Loading...

In Cynara’s Shadow

Collected Essays on Ernest Dowson

by Alice Condé (Volume editor) Jessica Gossling (Volume editor)
Edited Collection XVIII, 288 Pages

Table Of Content

  • Cover
  • Title
  • Copyright
  • About the editors
  • About the book
  • This eBook can be cited
  • List of Illustrations
  • Foreword (R. K. R. Thornton)
  • Acknowledgements
  • A Note on the Text
  • Introduction (Alice Condé / Jessica Gossling)
  • Part I Texts
  • 1 Tainted Medievalism: Ernest Dowson and Courtly Love (Kostas Boyiopoulos)
  • 2 ‘Non sum qualis’: Three Comparative Readings (Alex Wong)
  • 3 From the Drawer to the Cloister: Ernest Dowson’s ‘Poésie Schublade’ (Jessica Gossling)
  • 4 ‘For the life of me I cannot say!’: Ernest Dowson’s Dilemmas (Bénédicte Coste)
  • Part II Contexts
  • 5 ‘Slimy Trails’ and ‘Holy Places’: Dowson’s Strange Life in Context (Jad Adams)
  • 6 Dowson, French Literature, and the Catholic Image (Robert Pruett)
  • 7 Ernest and Aubrey: Friendship and Rivalry at the Fin de Siècle (Joseph Thorne)
  • 8 ‘The pale roses expire’: Dowson’s Decadent Diminuendo (Alice Condé)
  • 9 ‘The quintessence of a quintessence’: Music and Musicality in Ernest Dowson’s Verse (Jane Desmarais)
  • Select Bibliography
  • Notes on Contributors
  • Index
  • Series index

In Cynara’s Shadow

Collected Essays on Ernest Dowson

Alice Condé and Jessica Gossling (eds)

About the editors

Alice Condé is an Associate Tutor in the Department of English and Comparative Literature at Goldsmiths, University of London where she has been teaching since 2011.

Jessica Gossling is a Fractional Lecturer in the English and Comparative Literature Department at Goldsmiths.

Alice and Jessica work as part of the Decadence Research Unit at Goldsmiths and are members of the British Association of Decadence Studies.

About the book

In the 120 years since the publication of his final poetry collection, Decorations: In Verse and Prose (1899), Ernest Dowson has become something of a Decadent legend, much anthologized and referenced in almost every study of English Decadent literature, but still is considered a minor figure of the fin de siècle. He is, in fact, an important intermediary between late nineteenth-century Decadence and literary Modernism. This first collection of critical essays devoted solely to Dowson draws him out of the shadows and acknowledges his talent and legacy. The essays in this volume by established and emergent Dowson scholars offer new perspectives on some of the most noteworthy aspects of Dowson’s oeuvre, including Catholicism and Paganism, desire and sexuality, space and place, his relationships with Decadent contemporaries including Paul Verlaine and Aubrey Beardsley, and his poetic resonance in twentieth-century literature and music.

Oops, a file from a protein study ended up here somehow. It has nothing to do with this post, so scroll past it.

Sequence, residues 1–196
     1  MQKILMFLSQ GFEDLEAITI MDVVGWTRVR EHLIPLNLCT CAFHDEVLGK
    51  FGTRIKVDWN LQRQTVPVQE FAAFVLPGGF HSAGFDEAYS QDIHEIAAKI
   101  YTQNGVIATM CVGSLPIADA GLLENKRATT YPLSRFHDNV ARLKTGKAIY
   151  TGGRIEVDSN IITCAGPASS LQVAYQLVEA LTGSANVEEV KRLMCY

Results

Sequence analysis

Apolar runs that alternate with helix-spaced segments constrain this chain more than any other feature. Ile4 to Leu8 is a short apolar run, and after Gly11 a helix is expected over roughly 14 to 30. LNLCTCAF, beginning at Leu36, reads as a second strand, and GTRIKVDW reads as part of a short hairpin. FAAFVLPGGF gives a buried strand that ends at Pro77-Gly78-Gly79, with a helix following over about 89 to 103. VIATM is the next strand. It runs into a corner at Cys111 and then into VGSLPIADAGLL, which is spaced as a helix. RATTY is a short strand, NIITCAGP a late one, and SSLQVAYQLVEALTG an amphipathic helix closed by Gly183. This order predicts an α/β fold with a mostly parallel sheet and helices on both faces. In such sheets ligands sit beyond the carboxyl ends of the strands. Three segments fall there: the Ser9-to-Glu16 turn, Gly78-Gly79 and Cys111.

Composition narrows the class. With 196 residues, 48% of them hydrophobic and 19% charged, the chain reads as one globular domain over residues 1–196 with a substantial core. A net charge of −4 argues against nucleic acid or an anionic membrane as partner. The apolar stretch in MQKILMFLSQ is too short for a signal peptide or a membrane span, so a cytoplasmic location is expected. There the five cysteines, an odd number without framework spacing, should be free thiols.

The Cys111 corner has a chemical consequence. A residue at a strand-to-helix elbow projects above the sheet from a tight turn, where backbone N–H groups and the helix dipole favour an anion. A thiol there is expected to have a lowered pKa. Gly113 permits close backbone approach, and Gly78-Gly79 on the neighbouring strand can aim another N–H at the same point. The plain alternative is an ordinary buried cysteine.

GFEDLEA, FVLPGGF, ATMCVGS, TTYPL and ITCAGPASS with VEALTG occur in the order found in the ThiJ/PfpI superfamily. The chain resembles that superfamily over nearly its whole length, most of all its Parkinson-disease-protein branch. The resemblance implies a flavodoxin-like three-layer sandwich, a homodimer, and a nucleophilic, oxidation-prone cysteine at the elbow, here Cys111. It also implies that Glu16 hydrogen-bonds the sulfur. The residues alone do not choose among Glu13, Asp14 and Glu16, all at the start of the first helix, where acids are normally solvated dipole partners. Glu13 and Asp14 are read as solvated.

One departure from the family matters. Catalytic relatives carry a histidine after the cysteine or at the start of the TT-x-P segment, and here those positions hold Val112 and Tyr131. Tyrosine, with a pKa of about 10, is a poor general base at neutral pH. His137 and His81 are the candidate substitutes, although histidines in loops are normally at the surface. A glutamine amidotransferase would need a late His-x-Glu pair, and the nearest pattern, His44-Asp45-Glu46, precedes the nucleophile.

This eBook can be cited

This edition of the eBook can be cited. To enable this we have marked the start and end of a page. In cases where a word straddles a page break, the marker is placed inside the word at exactly the same position as in the physical book. This means that occasionally a word might be bifurcated by this marker.

Illustrations

Frontispiece ‘Blind Chivvy’, drawn by Edmund Trueman for Dowson Day 2016. © <http://nevercomedowncomix.blogspot.com>

Figure 5.1. Ernest Dowson drawn by Charles Conder, c.1897.

Figure 5.2. William Clarke Hall drawn sleeping by Edna, 1906. By kind permission of the Masters of the Bench of the Honourable Society of Gray’s Inn.

Figure 5.3. Edna Clarke Hall, a self-portrait, 1896. From the exhibition catalogue of her work, D’Offay Gallery, 1971.

Figure 5.4. Man/girl relationships in the nineteenth and early twentieth centuries.

Figure 7.1. Aubrey Beardsley, cover design, Ernest Dowson, Verses (London: Leonard Smithers, 1896). Mark Samuels Lasner Collection, University of Delaware Library.

Figure 7.2. Aubrey Beardsley, ‘Portrait of Himself’, The Yellow Book, 3 (October 1894), 51. Mark Samuels Lasner Collection, University of Delaware Library.

Figure 7.3. Aubrey Beardsley, ‘The Death of Pierrot’, The Savoy, 6 (October 1896), 33. Mark Samuels Lasner Collection, University of Delaware Library.

Figure 7.4. Aubrey Beardsley, ‘Frontispiece’, Ernest Dowson, The Pierrot of the Minute (London: Leonard Smithers, 1896). Mark Samuels Lasner Collection, University of Delaware Library.←ix | x→

Figure 7.5. Aubrey Beardsley, ‘The Abbé’, The Savoy, 1 (January 1896), 157. Mark Samuels Lasner Collection, University of Delaware Library.

Figure 7.6. Aubrey Beardsley, ‘Cul-de-Lampe’, Ernest Dowson, The Pierrot of the Minute (London: Leonard Smithers, 1896). Mark Samuels Lasner Collection, University of Delaware Library.

Figure 7.7. Aubrey Beardsley, ‘The Return of Tannhäuser to the Venusberg’, A Second Book of Fifty Drawings (London: Leonard Smithers, 1899), Plate 43. Mark Samuels Lasner Collection, University of Delaware Library.

Figure 9.1. Cover page of Frederick Delius, Songs of Sunset (Leipzig: F. E. C. Leuckart, 1911). © The British Library Board, F585.hh.(36)←x | xi→

R. K. R. THORNTON

Foreword

In a letter of 1914, Theodore Wratislaw described to his friend Miss S. M. Watt how he had met Stuart Marsh Ellis (an author who was to publish Mainly Victorian in 1925). Ellis knew Olive Custance (by this time Lady Alfred Douglas), and Wratislaw had been keen to meet her since she and her mother had bought two copies of his Orchids (1896) so he went to the British Museum to read her books in case they ever encountered one another. While he was there, he also put in an application for Dowson’s poems. He reported in the letter:

Well, I waded rather drearily through Lady Douglas, and then picked up Dowson, and had a shock. Do you know I now think that Dowson was the finest poet of the time, and that some of his poems rank in the very first line of English poetry? I had known some of his stuff when he was alive – but not much, and I could not read then – nor could I yesterday – the ‘Pierrot of the Minute’. I saw him fairly often – a slight, frail, illusive, boy, and I had not appreciated him as I ought to have done. So it came as a shock to find how intensely good are some of his poems.